Manichaeism in Tibet

The following are excerpts from a recent lecture presented in Beijing, China (part 1)

Manichaeism has existed in Tibet since around 260 C.E. Adherents of the Religion of Light in Tibet strictly maintained Manichaean religious ideals all the while within a Buddhist context.

Over the years, Manichaeism began to appear, at least on the surface, like Vajrayana, Mahayana and Pure Land Buddhism throughout Tibet and China. The Religion of Light has had a profound effect on each of these Buddhist schools. At one time almost all of Tibet was practicing Manichaeism.

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Padmasambhava (Guru Rinpoche), who was born around 730 CE in Northwestern India, was understood by Manichaeans to be a reincarnation of their beloved Iranian Prophet Mani, or as he came to be known in China, Buddha Moni. In this form Mani was reverenced again in the flesh as the Embodiment of Light on Earth, the Living Buddha, and viewed as an emanation of Amitabha, Shakyamuni, and Kuan Yin. Yeshe Tsogyal was the consort to Padmasambhava, at times appearing in male and female forms. Padmasambhava arrived in Tibet around 760 CE.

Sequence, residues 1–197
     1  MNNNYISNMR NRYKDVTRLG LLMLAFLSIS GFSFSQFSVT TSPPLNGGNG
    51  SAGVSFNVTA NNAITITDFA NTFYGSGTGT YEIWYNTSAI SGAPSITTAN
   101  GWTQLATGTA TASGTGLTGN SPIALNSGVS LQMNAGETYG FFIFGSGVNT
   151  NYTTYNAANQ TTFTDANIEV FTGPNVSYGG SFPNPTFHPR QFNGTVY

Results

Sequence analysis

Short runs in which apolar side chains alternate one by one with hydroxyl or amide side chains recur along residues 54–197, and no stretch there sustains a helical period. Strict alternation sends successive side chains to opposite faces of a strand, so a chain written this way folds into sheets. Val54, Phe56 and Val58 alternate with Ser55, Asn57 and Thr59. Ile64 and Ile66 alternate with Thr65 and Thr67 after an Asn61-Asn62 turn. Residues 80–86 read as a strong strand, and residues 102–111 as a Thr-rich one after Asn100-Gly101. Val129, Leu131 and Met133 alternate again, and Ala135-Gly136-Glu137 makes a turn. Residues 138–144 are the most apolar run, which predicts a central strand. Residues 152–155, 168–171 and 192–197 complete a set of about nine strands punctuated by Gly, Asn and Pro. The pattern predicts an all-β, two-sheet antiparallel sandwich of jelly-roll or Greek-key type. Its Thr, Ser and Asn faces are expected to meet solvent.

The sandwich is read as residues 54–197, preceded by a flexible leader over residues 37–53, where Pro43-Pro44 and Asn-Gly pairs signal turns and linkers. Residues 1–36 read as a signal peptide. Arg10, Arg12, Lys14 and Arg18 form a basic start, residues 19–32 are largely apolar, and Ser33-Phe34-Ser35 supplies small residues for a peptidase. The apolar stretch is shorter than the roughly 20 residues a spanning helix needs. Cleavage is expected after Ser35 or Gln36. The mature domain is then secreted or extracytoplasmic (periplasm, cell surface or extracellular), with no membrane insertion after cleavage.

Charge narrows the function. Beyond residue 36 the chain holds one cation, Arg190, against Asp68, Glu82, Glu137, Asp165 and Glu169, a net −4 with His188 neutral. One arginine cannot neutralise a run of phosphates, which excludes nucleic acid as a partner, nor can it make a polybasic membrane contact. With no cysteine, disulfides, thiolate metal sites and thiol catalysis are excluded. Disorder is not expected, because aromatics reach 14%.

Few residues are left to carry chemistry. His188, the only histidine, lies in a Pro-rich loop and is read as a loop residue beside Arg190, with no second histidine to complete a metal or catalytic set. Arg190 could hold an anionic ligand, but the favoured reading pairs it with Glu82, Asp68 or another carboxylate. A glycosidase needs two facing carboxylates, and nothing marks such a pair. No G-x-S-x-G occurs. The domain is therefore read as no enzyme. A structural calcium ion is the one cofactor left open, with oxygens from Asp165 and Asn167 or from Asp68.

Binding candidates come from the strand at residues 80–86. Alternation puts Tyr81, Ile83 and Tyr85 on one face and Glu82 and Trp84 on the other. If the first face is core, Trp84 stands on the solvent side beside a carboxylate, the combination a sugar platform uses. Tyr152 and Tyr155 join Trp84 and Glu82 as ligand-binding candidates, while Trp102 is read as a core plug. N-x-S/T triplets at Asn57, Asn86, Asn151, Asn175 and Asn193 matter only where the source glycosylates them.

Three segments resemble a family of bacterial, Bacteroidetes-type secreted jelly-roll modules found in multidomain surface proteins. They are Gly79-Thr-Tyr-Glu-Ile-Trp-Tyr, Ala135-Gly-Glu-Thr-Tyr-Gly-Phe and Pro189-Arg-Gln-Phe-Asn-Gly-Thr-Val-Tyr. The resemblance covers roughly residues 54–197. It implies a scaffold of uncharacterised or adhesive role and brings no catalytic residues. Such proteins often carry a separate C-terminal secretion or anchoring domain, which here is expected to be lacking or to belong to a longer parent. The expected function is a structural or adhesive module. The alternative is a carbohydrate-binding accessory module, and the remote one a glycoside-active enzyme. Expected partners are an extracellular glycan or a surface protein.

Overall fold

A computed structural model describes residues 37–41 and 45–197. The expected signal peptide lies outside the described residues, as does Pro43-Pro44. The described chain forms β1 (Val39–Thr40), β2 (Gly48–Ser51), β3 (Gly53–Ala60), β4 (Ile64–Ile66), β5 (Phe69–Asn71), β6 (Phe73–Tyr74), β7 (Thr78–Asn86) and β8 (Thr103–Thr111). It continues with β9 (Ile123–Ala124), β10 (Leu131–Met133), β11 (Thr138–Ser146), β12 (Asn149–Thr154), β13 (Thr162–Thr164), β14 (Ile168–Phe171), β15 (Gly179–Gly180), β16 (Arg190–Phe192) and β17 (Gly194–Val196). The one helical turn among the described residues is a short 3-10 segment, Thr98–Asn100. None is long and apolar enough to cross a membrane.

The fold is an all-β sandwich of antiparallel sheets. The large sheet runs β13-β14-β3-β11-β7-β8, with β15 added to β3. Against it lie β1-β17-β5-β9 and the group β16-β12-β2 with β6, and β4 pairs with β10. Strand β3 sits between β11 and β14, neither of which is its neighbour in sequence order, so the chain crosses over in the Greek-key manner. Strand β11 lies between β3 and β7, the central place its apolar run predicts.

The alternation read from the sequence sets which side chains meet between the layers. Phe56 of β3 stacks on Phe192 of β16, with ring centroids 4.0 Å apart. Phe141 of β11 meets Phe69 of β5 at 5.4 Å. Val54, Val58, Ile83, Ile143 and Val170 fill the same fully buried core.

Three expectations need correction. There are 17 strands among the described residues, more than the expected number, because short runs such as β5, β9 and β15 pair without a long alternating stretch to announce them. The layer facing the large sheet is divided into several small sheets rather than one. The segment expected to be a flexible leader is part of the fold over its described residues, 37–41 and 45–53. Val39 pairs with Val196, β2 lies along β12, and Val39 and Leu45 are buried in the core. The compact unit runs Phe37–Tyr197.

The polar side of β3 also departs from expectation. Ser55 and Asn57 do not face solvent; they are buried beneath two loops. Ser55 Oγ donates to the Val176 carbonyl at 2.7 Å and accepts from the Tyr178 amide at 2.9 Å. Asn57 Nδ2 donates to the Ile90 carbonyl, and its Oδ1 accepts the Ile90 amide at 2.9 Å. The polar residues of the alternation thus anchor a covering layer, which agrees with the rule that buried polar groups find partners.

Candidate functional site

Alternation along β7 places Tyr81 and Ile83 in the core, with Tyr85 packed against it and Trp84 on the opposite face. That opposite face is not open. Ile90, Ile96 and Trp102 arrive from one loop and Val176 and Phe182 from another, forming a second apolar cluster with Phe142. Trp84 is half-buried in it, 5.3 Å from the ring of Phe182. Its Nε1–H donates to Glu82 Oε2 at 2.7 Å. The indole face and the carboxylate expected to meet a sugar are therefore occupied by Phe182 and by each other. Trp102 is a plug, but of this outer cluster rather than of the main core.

It was not until around 1300 CE that Manichaeans began to practice their religious traditions in secret.

Tibetan and Chinese Manichaeans speak of belief in a “Living Buddha” which they believe to be present in almost every generation of humanity. According to East Asian Manichaeism, this Living Buddha is none other than Mani himself. Manichaeans believe this same Living Buddha is present among them today and is known as “H.H. Moni the Lotus Born.”

Sources indicate that the number of Tibetan Manichaeans is nearly 1,300. Recent arrivals of Manichaeans from Middle Eastern countries may have already caused this number to double or triple. Manichaeans in Tibet told me that all of their communities are migratory.

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Photo by Dvellakat (CreativeCommons, Attribution)